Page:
I still cannot reconcile the following statements:

        ““Does the sum of value transferred from an input to a newly produced commodity depend upon the input’s price when it enters production, as the TSSI holds, or upon the cost of replacing the input when the new commodity is completed, as the replacement-cost interpretation holds?”

        “If we assume a continuum of production (which, as you point out, is the most reasonable thing to assume), then I must once again emphasize that the results of the temporal interpretation of value formation are identical to those of the replacement cost interpretation. Identical.”

      • billj Says:

        Marx explains why the TSS is wrong here;

        “It is of no avail to deduce the exchange of more labour against less, from their difference of form, the one being realized, the other living. [4] This is the more absurd as the value of a commodity is determined not by the quantity of labour actually realized in it, but by the quantity of living labour necessary for its production. A commodity represents, say, 6 working-hours. If an invention is made by which it can be produced in 3 hours, the value, even of the commodity already produced, falls by half. It represents now 3 hours of social labour instead of the 6 formerly necessary. It is the quantity of labour required for its production, not the realized form of that labour, by which the amount of the value of a commodity is determined. ”
        http://www.marxists.org/archive/marx/works/1867-c1/ch19.htm

        In the previous chapter he explains how surplus value = surplus product. Goddam physicalist!
        http://www.marxists.org/archive/marx/works/1867-c1/ch18.htm

      • Hedlund Says:

        @GrahamB:

        I still cannot reconcile the following statements:

        Alright, this is helpful. So we have two propositions that strike you as contradictory:

        1) The sum of value transferred from an input to a newly produced commodity depends upon the input’s price when it enters production.

        and

        2) Assuming continuous, overlapping production periods, the outcome of the above proposition is indistinguishable from that in which we suppose that value is transferred upon the completion of the commodity.

        I personally don’t see a contradiction there, so my first impulse is to ask you to “walk me through” your reading of it. But first, a stab at explanation:

        Generally speaking, the buyer of a commodity seeks its use-value, while a seller of a commodity takes advantage of its exchange-value. The former case applies to both a consumer who wishes to eat an apple and a producer who wishes to turn an apple into another commodity – say, sauce or a pie. Thus, the use-value could be consumed in multiple ways, but either way it is consumed. If the utility of a commodity is to serve as the means of production and therefore transfer its value to an output, then it only makes sense that we consider the value transferred when said means are consumed, which is logically and temporally prior to achieving the finished output.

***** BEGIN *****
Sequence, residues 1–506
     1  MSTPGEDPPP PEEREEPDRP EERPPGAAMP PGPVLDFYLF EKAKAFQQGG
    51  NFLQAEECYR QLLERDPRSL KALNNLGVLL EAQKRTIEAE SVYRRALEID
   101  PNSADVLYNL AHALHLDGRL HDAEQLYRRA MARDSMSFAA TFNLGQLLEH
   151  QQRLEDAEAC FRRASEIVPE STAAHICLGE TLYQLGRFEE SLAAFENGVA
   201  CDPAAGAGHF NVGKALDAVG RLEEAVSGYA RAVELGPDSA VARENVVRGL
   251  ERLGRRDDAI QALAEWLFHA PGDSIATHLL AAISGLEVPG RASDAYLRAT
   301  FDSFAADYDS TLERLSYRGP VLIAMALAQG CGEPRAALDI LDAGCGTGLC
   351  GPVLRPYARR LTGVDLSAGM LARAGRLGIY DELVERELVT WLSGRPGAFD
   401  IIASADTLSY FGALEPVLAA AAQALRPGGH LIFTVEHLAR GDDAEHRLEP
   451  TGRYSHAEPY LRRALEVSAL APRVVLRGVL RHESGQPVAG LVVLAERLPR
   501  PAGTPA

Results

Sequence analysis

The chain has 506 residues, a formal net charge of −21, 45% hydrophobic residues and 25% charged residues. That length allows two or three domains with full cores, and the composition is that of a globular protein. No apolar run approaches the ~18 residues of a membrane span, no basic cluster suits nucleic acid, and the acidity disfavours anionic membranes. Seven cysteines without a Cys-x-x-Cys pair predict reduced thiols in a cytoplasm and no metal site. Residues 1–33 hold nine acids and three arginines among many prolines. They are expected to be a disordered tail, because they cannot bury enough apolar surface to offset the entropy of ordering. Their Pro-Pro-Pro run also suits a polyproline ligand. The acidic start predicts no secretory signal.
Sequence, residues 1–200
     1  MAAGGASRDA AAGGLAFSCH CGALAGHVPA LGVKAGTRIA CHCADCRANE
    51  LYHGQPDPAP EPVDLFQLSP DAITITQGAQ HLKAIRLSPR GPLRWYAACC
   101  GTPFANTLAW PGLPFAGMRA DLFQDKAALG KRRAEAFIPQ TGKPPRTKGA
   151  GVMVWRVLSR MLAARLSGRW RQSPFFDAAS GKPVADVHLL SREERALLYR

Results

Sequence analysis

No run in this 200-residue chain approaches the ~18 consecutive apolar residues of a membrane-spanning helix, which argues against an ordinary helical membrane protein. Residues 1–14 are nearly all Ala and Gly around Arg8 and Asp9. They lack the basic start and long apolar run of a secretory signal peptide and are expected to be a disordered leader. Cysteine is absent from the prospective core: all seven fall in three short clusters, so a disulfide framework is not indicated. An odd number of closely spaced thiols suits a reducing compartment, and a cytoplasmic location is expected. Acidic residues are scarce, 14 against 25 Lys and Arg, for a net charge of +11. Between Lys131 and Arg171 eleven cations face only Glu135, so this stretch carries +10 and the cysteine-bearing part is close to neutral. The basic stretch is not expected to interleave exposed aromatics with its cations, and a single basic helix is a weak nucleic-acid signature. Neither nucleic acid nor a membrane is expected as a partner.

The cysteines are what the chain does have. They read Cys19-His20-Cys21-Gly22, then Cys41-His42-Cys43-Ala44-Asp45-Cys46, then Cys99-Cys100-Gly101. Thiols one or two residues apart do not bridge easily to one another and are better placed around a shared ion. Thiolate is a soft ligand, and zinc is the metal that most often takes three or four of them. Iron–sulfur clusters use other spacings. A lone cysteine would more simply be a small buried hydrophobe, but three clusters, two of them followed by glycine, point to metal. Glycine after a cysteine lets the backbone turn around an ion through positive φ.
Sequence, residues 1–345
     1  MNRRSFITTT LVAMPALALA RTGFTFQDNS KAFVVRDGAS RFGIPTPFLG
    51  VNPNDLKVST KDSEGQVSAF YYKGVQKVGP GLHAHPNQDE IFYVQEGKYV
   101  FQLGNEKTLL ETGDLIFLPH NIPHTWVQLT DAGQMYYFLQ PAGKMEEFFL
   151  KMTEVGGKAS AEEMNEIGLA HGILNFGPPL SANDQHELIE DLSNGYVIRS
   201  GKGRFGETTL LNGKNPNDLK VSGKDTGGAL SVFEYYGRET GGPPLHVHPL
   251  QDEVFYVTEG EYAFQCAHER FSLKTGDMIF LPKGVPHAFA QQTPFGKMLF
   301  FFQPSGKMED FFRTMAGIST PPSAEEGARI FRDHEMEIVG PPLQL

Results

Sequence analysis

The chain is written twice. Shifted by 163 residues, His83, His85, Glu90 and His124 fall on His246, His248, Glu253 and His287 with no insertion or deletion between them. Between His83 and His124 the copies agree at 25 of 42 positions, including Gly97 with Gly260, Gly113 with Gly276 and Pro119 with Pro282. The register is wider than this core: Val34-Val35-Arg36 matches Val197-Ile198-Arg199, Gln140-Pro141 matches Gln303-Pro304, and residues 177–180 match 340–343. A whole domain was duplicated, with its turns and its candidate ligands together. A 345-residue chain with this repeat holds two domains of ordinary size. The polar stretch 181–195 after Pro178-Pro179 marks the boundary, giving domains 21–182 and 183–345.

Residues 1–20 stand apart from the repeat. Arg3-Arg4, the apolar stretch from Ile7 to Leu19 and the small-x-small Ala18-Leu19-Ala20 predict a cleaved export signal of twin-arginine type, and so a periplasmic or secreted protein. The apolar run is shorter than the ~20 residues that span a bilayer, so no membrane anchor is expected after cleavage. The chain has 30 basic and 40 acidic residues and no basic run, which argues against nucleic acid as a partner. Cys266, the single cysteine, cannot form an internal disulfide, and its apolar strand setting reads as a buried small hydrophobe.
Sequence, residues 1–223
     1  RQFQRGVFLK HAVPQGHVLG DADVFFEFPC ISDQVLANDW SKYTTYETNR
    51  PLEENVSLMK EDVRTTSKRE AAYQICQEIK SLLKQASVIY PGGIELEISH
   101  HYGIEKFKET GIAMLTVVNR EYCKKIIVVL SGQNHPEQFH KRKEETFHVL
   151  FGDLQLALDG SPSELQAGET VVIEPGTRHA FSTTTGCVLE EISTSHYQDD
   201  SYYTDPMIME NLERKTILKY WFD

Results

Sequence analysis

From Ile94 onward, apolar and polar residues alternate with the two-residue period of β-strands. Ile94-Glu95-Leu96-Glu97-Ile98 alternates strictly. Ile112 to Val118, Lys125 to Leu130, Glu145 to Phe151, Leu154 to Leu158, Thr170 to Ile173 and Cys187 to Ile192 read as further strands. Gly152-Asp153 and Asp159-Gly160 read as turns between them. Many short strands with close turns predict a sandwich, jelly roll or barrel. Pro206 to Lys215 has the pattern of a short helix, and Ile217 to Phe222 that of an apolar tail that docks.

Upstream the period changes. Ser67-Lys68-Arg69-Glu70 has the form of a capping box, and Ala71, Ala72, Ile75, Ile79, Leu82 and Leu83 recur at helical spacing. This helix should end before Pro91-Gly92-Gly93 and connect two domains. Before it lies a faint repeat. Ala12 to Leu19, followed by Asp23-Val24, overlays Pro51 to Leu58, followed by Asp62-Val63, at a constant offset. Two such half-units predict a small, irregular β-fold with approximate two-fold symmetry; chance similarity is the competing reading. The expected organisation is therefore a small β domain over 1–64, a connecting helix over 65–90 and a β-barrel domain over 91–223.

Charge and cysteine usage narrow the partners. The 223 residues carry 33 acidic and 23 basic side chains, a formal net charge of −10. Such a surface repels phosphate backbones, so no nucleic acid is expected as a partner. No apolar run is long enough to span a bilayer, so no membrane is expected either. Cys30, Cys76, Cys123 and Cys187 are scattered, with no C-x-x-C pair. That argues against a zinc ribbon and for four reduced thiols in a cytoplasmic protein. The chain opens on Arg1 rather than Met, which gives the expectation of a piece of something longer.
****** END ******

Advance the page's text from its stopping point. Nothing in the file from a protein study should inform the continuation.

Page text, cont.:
This is discussed in detail in volume 1. For example, from chapter 8: “If we now consider the case of any instrument of labour during the whole period of its service, from the day of its entry into the workshop, till the day of its banishment into the lumber room, we find that during this period its use-value has been completely consumed, and therefore its exchange-value completely transferred to the product. … It is thus strikingly clear, that means of production never transfer more value to the product than they themselves lose during the labour-process by the destruction of their own use-value.”

        The transfer of value is dependent upon, and concurrent to, the consumption of the use-value. The form of the apple is consumed before it has fully been transmuted into applesauce; sand is consumed prior to the completion of glass.

        But then, we may ask, how do we account for this value in the interim? Is the half-finished product consisting of destroyed input use-values, despite having no immediate utility, still bearing the value of the inputs? Who wants a blob of half-baked glass? This is the key role of labor: valorization. In the formal sense that labor-power is variable capital and thus part of total capital, the whole process is one of self-valorization. “Self-valorisation includes preservation of the preposited value as well as its multiplication.”

        So, proposition 1, perhaps the more controversial of them, fits on those grounds. Proposition 2 is simply acknowledging that the process described in 1 happens continuously. If you are a capitalist who has halted production, and the price of apples falls, it will affect the price of your holdings of applesauce because of the continued production – and therefore bringing into relation apples as means of production to applesauce – of other capitalists. That’s all. If we’ve established 1, then 2 is neither contradictory nor controversial. (Though even if not, as I noted earlier, I am still not sure wherein lies any contradiction.)

        Hope you find this explanation more helpful than the previous ones.

      • Boffy Says:

        Whatever, “one of the best-known exponents” of the temporalist method might have told you, there is still a basic contradiction in the arguments you have been putting forward as Graham has set out.

        Moreover, if those “best known exponents” of the temporalist method continually argue that those who argue the Marxist method based on reproduction costs are wrong for putting forward that argument, do you not think that also conbstitutes something of a contradiction with your own statement that the two positions are identical!